Seminole State College of Florida’s First Generation Freshmen Program is celebrating its 2013-14 successes and looking ahead to its first graduates this summer.
More than 50 students in the First Generation Freshmen Program and their family members attended an end-of-year celebration at the Wayne M. Densch Discovery Center at the Central Florida Zoo on Thursday, April 24.
Navigating through the obstacles for first-generation students – those whose parents did not attend or graduate from college – is no simple feat, says Dr. Jan Lloyd-Lesley, associate vice president of student development.
“There’s no road map. There’s no how-to guide,” Lloyd-Lesley told students and parents who attended the event.
First Generation Freshmen Program highlights include:
- Of the program’s 54 2013-14 scholarship recipients, 94 percent re-enrolled for their second semester, and more than half earned a spot on the Dean’s or President’s List after their first semester.
- Since the program’s inception, 24 students have gained leadership and mentorship skills by serving as peer facilitators in the mentoring program.
At the event, two students participating in the program, who also served as peer facilitators, shared their perspectives and experiences.
“At first, it was stressful since my family and friends didn’t understand the pressure I’m under,” said Stephanie Vivas, a Seminole High School graduate who is on track to graduate this summer. “They didn’t get that along with college comes the pressure of homework, studying and the time it takes to do all of it. They’re all proud of me now and more understanding now than the first semester.”
“It feels great to be a part of this and a part of the program,” said Jesimar Rivera, also planning to graduate this summer. “I know it makes my parents proud; it makes them feel like they’re doing something right.”
The First Generation Freshmen Program, which started in August 2012, is supported through funds from the Orlando Magic Youth Fund (OMYF) and Wayne M. Densch Charities Inc. Vivas, a Wayne M. Densch Scholar, received $4,000 over the course of two years. Rivera, also a graduate of Seminole High School, received $6,000 over the course of two years from the OMYF.
Vivas and Rivera plan to pursue bachelor’s and master’s degrees in education. Rivera plans to teach at the elementary level and later become a principal; Vivas plans to work as a guidance counselor in a high school.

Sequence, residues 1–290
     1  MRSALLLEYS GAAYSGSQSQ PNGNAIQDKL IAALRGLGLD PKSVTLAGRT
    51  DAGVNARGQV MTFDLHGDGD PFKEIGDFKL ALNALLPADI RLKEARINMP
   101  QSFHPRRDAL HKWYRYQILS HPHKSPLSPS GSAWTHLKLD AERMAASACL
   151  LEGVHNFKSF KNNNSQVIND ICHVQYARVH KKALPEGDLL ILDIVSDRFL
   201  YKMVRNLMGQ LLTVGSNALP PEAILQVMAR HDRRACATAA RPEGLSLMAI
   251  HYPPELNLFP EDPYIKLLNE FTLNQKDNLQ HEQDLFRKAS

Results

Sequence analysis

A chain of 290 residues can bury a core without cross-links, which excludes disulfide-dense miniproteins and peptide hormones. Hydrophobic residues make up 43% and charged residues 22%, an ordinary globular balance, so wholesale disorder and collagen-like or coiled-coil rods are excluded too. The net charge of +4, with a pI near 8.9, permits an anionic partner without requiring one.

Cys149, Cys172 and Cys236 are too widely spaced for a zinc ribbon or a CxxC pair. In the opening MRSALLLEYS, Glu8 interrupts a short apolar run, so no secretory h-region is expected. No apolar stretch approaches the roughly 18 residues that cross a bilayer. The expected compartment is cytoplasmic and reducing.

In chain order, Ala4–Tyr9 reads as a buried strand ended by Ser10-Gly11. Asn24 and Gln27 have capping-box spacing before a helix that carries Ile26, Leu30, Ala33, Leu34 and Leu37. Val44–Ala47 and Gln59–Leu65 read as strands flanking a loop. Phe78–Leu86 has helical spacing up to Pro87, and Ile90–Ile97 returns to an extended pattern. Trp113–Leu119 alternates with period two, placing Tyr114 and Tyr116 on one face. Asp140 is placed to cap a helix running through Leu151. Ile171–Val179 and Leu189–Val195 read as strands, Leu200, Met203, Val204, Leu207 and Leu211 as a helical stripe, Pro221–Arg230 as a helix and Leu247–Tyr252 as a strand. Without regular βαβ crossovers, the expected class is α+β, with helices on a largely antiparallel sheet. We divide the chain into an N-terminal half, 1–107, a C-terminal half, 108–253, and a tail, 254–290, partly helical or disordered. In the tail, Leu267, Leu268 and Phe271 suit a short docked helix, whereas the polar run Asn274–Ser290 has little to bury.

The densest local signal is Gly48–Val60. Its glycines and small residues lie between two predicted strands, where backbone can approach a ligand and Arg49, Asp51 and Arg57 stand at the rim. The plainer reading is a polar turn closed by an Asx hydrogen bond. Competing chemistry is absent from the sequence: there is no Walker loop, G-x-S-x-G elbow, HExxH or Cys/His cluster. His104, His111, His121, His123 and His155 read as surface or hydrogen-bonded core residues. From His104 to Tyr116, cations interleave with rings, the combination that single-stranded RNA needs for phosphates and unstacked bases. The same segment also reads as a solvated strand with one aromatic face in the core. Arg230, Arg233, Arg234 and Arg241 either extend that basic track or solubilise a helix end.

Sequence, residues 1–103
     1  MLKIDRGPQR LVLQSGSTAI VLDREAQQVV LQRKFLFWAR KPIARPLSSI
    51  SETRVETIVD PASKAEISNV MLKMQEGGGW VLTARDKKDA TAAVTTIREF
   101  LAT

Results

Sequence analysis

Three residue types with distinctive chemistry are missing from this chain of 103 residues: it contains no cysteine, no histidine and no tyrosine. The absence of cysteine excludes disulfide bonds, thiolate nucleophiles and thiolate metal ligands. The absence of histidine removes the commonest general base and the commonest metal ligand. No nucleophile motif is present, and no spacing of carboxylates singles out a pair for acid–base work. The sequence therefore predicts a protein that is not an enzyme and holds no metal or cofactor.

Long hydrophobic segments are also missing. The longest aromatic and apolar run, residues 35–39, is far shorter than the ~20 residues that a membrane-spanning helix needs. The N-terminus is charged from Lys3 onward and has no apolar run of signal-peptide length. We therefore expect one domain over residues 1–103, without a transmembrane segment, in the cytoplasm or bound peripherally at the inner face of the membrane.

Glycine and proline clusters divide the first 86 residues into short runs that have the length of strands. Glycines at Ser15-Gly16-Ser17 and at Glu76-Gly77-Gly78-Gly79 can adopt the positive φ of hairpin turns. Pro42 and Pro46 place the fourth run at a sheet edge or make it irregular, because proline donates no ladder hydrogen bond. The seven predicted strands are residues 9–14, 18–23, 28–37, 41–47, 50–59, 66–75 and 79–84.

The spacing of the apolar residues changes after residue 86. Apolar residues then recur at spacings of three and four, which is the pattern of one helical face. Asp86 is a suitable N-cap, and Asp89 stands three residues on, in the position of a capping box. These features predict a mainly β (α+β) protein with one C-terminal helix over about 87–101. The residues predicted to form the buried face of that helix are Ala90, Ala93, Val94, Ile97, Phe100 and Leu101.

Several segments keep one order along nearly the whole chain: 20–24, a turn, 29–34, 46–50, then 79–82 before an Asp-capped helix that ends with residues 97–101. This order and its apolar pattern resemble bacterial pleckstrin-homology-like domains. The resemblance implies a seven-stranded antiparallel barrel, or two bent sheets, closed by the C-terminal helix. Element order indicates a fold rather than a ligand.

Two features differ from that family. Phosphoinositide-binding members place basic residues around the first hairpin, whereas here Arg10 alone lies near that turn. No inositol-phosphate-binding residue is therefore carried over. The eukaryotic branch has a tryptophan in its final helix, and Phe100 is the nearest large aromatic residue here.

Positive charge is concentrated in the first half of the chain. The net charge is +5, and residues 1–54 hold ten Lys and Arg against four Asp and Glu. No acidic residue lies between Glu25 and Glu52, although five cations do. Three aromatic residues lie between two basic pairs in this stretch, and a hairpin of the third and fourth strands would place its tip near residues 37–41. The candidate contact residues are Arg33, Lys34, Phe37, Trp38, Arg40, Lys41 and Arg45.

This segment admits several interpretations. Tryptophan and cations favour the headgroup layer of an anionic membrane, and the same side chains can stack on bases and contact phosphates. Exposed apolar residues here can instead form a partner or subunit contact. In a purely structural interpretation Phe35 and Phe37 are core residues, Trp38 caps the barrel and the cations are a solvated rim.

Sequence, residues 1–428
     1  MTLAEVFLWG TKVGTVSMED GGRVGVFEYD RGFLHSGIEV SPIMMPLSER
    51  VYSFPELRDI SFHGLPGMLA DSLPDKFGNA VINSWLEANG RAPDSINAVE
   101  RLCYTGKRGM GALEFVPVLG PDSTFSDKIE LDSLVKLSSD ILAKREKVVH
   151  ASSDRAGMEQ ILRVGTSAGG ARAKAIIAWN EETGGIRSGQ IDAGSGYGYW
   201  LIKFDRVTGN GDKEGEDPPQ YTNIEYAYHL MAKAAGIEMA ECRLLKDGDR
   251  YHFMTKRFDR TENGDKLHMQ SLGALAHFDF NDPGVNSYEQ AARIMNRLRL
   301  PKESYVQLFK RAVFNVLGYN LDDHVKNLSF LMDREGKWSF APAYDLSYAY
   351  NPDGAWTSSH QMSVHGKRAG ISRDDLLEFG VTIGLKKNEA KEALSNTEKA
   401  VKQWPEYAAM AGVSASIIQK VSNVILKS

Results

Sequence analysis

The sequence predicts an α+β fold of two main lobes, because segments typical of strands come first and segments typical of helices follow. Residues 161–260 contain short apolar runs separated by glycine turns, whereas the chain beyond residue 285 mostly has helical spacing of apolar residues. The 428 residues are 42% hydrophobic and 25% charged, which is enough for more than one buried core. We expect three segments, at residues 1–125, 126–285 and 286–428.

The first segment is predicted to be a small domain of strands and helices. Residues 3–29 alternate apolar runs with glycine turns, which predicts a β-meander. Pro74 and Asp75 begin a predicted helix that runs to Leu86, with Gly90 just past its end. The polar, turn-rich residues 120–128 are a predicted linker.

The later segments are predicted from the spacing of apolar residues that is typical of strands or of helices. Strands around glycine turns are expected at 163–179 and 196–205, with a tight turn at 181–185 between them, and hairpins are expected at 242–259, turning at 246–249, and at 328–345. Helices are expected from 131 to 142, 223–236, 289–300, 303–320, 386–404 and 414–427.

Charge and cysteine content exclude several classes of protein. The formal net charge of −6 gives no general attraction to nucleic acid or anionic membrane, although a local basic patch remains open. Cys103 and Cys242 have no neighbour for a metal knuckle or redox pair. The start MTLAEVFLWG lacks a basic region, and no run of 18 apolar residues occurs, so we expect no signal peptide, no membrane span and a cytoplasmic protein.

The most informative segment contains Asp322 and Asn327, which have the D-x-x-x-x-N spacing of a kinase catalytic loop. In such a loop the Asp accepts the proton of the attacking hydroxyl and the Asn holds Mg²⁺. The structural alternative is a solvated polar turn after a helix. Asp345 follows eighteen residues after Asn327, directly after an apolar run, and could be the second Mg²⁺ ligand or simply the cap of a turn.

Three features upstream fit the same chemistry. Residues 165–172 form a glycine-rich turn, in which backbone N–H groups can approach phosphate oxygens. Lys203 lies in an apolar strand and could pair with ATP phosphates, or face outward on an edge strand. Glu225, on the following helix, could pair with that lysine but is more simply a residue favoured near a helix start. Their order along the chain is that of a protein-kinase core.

First-generation students graduate at a significantly lower rate, even when demographics, motivation, academic preparation, academic progress, grade point average and income are accounted for, Lloyd-Lesley said. At Seminole State, first generation students account for about 25 percent of the student body.
“The First Generation Freshmen Program offers guidance for first-time-in-college, first generation students,” said Tanya Fritz, first-year experience program coordinator. “The program seeks to increase retention and graduation rates of first generation students.”
The First Generation Freshmen Program is dedicated to supporting incoming first-time-in-college, first-generation students at Seminole State College and provides services including personalized academic advising, financial aid assistance and scholarship information and more. For more information, visit the First Generation Freshmen Program website.
Go State. Go Far.
Seminole State College of Florida, established in 1965 and a part of the public Florida College System, serves more than 32,000 students across six sites in Central Florida with campuses in Altamonte Springs, Heathrow, Oviedo and Sanford/Lake Mary. Seminole State offers 200 degrees, certificates and programs, including five bachelor’s degrees. Seminole State is ranked 15th in the nation for number of Associate in Arts degrees conferred. For more about the college, visit www.seminolestate.edu, and follow us on Facebook, www.facebook.com/seminolestate, and Twitter @seminolestate.
Media contact: Danielle Chandonnet, 407.708.2896, [email protected]
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